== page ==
The oscillating charges that we have considered in our model are protons, with reference to the concrete physical case of hydrogen loading in metals, where protons are bound to tetrahedral or octahedral sites. The large mass of protons, compared to electrons, simplifies the treatment because it allows to disregard the fermionic character of their wavefunctions, at least in certain conditions. Moreover, the large mass of protons plays a crucial role in determining the energy spectrum and the spatial extension of their bounded wavefunctions. Here lies the major new contribution of the present work towards an improvement of the model in Ref. [19]. In [19], we described the bound states of protons as those of ideal harmonic oscillators, introducing an ad-hoc physical cutoff on their oscillation amplitudes. Here, we provide a solid theoretical justification for the existence of the limitation in the oscillation amplitude and compute numerically the exact states of the protons in a crystal structure with periodic but finite potential wells. As could be intuitively anticipated, the proton wavefunctions are much more localized than those of electrons. Furthermore, the count of bound excited states is precisely determined by the crystal structure. For instance, in the case of octahedral voids with parameters as detailed in Table 1, there are precisely 12 bound states. Only these states actively contribute to the superradiance phenomenon. This elucidates and justifies the previously mentioned cutoff on oscillation amplitude.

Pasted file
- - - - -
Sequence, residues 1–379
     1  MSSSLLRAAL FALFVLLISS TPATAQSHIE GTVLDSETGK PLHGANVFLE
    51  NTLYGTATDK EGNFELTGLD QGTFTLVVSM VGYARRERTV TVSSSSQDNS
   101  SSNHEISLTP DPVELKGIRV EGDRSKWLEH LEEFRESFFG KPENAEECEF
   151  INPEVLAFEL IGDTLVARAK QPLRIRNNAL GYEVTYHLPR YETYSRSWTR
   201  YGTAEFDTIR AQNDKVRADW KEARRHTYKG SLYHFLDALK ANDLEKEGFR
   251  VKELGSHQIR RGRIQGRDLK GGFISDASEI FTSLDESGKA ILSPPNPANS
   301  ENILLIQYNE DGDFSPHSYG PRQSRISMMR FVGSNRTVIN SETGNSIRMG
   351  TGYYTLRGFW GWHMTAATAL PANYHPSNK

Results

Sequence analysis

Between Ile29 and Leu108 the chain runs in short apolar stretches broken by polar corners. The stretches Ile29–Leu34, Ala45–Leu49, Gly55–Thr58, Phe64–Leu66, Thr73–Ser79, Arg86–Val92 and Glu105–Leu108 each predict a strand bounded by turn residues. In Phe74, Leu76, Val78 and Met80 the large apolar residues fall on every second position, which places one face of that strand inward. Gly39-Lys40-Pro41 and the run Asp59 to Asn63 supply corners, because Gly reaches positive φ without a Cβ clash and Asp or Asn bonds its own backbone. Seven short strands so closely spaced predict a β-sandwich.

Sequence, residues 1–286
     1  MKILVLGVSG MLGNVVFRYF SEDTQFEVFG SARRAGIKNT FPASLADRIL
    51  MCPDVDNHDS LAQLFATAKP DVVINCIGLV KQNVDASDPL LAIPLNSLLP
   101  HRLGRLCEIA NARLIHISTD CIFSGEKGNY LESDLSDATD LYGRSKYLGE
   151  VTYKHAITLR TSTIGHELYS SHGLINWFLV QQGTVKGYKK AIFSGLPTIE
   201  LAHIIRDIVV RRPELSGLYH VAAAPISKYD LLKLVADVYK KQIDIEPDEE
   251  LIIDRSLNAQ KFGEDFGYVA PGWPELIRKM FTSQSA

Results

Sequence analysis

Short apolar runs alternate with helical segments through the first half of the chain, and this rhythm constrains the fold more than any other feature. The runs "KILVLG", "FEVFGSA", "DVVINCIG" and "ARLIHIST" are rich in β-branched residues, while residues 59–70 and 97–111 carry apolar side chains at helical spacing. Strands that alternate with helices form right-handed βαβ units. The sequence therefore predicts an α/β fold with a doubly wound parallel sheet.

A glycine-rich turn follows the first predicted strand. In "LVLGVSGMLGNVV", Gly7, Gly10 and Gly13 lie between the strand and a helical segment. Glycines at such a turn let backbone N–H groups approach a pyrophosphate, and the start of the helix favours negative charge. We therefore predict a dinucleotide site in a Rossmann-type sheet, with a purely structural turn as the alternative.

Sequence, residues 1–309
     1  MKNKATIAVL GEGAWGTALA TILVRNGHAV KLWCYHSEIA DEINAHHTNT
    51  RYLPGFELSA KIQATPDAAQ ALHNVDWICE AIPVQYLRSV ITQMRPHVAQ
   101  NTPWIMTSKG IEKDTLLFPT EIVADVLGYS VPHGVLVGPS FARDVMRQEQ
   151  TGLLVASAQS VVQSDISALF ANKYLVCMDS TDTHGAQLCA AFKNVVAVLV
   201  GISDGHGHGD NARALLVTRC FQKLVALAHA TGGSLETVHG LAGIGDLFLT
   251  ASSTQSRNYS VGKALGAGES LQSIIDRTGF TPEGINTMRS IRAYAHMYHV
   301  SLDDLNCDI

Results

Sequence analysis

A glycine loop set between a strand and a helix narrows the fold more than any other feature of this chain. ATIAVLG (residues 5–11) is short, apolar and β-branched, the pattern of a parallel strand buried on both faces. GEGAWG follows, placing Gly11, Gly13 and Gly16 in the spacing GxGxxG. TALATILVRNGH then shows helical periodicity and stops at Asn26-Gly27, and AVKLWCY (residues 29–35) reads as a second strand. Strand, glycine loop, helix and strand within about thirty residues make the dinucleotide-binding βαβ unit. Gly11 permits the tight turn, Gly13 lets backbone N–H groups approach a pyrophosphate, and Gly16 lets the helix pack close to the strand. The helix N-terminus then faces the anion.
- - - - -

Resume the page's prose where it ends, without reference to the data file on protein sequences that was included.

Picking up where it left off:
In [20], we recall the Hamiltonian of our model and the canonical transformations of the photon field operators used to diagonalize the photonic term. That work succinctly summarizes key findings from [19] in a self-consistent manner and presents numerical simulations showing the occurrence of a quantum phase transition for small values of N s , also in the presence of dissipation.